Annual Contributions Contract (ACC) • Any employee of the HA who formulates policy or influences decisions with respect to the project. • Any public official, member of the local governing body, or State or local legislator, who exercises functions or responsibilities with respect to the project(s). • No member of or delegate to the Congress of the United States of America or Resident Commissioner shall be admitted to any share or part of this ACC or to any benefits which may arise from it.
Role of a Commissioner • Approve by-laws, resolutions, policies, and • procedures. • Select a qualified Executive Director. • Establish and adopt PHA policies to include but not limited to the Five Year and Annual Plan; personnel, grievance; procurement; disposition; admissions and continuing occupancy policy and HCV administrative plans. • Review, approve, and monitor budgets and other financial documents to ensure expenditures are in compliance with Federal regulation, local laws and other applicable requirements. • Approve policies and procedures for internal and external monitoring controls. • Approve policies and procedures to detect and prevent program fraud, waste, and mismanagement and abuse.
Role of a Commissioner • Ensure that the PHA is acting legally and with integrity in its daily operations. • Monitor program performance. • Monitor Director performance. • Commissioners collectively approve policy, clarify goals, and delegate responsibility and authority to the Executive Director to act on their behalf. • Act collectively to avoid situations where the Board appears to be managers instead of policymakers. • Commissioners are ultimately responsible for the actions and decisions made by the Executive Director and other housing commission staff.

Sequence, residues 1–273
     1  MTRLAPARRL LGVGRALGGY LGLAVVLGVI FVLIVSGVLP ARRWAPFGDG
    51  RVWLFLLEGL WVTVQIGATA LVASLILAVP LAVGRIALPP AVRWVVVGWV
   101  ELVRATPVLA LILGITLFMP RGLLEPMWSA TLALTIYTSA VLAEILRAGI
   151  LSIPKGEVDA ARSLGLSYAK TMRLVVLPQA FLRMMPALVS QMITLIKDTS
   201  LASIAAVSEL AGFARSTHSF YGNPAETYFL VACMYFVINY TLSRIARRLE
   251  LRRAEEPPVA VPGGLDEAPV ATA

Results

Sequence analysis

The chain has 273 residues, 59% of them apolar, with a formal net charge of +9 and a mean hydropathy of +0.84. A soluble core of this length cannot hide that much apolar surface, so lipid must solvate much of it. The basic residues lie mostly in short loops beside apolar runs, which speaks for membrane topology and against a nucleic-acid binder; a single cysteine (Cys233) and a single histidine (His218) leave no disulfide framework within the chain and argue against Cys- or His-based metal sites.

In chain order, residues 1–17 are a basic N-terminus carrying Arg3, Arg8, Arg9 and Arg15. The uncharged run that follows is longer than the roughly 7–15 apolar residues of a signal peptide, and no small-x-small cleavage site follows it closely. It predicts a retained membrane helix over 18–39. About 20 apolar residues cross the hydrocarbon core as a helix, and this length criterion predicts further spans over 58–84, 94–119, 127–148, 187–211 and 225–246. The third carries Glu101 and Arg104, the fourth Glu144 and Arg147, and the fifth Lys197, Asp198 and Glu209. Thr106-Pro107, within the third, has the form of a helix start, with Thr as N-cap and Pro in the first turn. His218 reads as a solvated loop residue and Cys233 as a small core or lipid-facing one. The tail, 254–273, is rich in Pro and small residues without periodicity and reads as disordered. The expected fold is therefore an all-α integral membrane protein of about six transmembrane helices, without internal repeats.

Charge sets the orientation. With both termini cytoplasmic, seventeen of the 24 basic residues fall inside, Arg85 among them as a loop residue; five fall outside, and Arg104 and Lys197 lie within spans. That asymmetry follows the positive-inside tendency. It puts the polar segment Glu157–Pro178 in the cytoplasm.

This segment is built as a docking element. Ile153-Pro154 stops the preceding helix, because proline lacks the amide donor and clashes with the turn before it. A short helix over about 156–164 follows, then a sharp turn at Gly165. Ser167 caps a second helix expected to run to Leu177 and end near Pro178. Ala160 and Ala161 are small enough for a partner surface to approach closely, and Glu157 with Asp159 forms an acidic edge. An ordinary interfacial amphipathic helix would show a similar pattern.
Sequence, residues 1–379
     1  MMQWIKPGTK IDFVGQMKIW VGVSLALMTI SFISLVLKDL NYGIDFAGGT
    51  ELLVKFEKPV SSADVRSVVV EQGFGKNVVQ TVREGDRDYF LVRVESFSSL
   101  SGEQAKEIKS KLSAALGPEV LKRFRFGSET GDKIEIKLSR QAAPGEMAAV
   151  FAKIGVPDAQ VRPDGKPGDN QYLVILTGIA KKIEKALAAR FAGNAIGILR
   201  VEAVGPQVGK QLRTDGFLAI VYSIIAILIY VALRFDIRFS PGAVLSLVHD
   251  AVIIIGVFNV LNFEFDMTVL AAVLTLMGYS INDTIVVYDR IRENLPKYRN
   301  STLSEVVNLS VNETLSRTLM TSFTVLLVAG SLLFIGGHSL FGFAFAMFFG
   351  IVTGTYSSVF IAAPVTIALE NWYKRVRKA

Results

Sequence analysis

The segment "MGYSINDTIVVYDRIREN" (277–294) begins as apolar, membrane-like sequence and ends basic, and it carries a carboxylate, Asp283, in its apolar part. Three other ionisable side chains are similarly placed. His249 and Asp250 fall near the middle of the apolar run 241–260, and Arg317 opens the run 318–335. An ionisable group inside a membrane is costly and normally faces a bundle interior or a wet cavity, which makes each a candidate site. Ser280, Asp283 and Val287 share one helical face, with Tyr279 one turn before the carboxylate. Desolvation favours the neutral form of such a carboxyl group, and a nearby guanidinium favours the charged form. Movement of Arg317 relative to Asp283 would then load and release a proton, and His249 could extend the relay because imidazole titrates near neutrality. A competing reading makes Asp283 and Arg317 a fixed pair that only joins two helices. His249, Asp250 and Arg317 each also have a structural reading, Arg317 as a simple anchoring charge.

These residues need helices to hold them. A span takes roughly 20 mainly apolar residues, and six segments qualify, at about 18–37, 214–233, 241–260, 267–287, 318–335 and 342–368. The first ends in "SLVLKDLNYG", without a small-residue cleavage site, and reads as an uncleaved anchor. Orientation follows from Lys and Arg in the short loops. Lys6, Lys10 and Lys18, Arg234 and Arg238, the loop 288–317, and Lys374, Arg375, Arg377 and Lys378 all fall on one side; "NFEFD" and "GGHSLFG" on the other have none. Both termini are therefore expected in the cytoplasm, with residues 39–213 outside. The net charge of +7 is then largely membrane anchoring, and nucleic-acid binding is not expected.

Role of a Executive Director • Hire, train, manage, direct and terminate housing authority staff. • Prepare or oversee facilitation of preparation of all budgets, contracts, and procurement documents. • Collect rents, monitor HCV/HAP contracts and enforce lease terms. • Supervise cash management, bank reconciliation, resident selection, and maintenance operations. • Monitor operations for fraud and abuse. • Keep Commissioners informed of problems, resident issues, financial status, and changes to regulations/requirements and applicable laws.
Role of a Executive Director • Maintain the units in decent, safe and sanitary condition. • Ensure agency compliance with all rules, regulations, and laws pertaining to the implementation of public housing to include conventional, HCV and turn-key programs. • Manages the day-to-day operations of the Housing Authority.